Then there's the appearance of the movie. This is integral to the film since it's the imagery that breathes so much life into the dreamworld in Paprika. Kon took full advantage of this opportunity in the visual department and made a dreamworld like no other. In this dreamworld, toys, household appliances, and other devices coming to life and say complete gibberish. There's a scene where Paprika jumps into Dr. Shima's dream, she sinks into Shima's body and causes him to inflate like a giant balloon and explodes, causing him to wake up. When people dive into peoples' dreams, they can take the form of any object they merge with. The best example of this would be with Paprika since she takes a myriad of forms ranging from fairies to griffins in the film. Things get really interesting towards the end when reality and the dreamworld merge since you see businessmen gleefully jumping off a building in formation and Tokita running around as a toy robot firing missiles at a giant Japanese porcelain doll and rambling about fat content in coconut milk. In my first viewing of Paprika, I was left lying in a fetal position wondering what just happened mostly because of the dazzling imagery used to flesh out peoples' dreams.
The animation and artwork is fantastic. The frame rate is rather smooth and the imagery is very colorful and detailed. Like Shigurui: Death Frenzy, Paprika is another anime that uses both 2D animation and 3D animation and much like said anime series, Paprika mixes the two in a very tasteful manner since the 3D imagery exists only to supplement the primary 2D animation instead of overpowering it. The characters have very distinctive looks and me being a male in his early 20's, especially enjoyed the way Dr. Chiba was drawn since she looks beautiful but at the same time, her looks actually match her personality since she looks mature (and acts as such). In the case of female characters, Kon has a very distinctive way of drawing them and I personally love how he draws them since they look like anime characters but don't really fit the cookie-cutter styles abused in the genre. Once again, Satoshi Kon and Madhouse Studio crank out a high-quality anime.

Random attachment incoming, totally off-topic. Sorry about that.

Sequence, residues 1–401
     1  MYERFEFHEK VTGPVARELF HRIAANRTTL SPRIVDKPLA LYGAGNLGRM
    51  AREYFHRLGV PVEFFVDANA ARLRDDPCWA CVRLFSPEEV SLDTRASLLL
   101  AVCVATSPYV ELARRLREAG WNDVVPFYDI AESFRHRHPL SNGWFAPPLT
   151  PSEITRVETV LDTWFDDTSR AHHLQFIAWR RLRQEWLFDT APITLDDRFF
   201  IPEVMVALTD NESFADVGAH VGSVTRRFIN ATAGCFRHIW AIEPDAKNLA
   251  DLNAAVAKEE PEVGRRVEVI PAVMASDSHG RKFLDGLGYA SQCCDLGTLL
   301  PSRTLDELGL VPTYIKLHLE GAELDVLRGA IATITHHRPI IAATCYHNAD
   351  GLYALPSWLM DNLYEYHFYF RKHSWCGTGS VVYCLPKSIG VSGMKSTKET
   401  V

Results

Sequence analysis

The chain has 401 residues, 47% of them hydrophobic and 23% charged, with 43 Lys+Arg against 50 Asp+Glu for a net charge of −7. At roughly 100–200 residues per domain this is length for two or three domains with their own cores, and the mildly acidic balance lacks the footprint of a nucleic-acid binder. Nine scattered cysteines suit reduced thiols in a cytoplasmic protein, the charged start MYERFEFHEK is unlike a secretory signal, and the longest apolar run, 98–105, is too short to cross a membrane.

To supplement the well-done characters, surreal imagery, creative story, and excellent plotting, Kon threw in some themes to make an already brilliant anime even better. While subtle, there's themes about the sacredness of one's dreams and the intrusion of technology in said area elaborated by the Chairman (the main antagonist). I felt this was pretty insightful since according to the Chairman, a person's dreams in the movie's current setting are all that's left that's "personal" to someone, and the DC Mini will violate that sense of uniqueness since it'll record the subconscious and have it shared with the whole world. There's also a theme of someone dealing with hard guilt since Konakawa has a film-like recurring nightmare because of personal losses he had in the past relating to film. These themes add more life to an already vibrant animated picture.
If you love anime that's intelligent, creative, has great characters, and chocked full of mind-blowing imagery, then Paprika needs to be in your collection RIGHT NOW if it's not. If you have the technology, I suggest you get the blu-ray version since the sharper picture and sound really enhances this great movie.
RIP Satoshi Kon. Your body of animated work may be small, but it'll be remembered and lauded for eternity.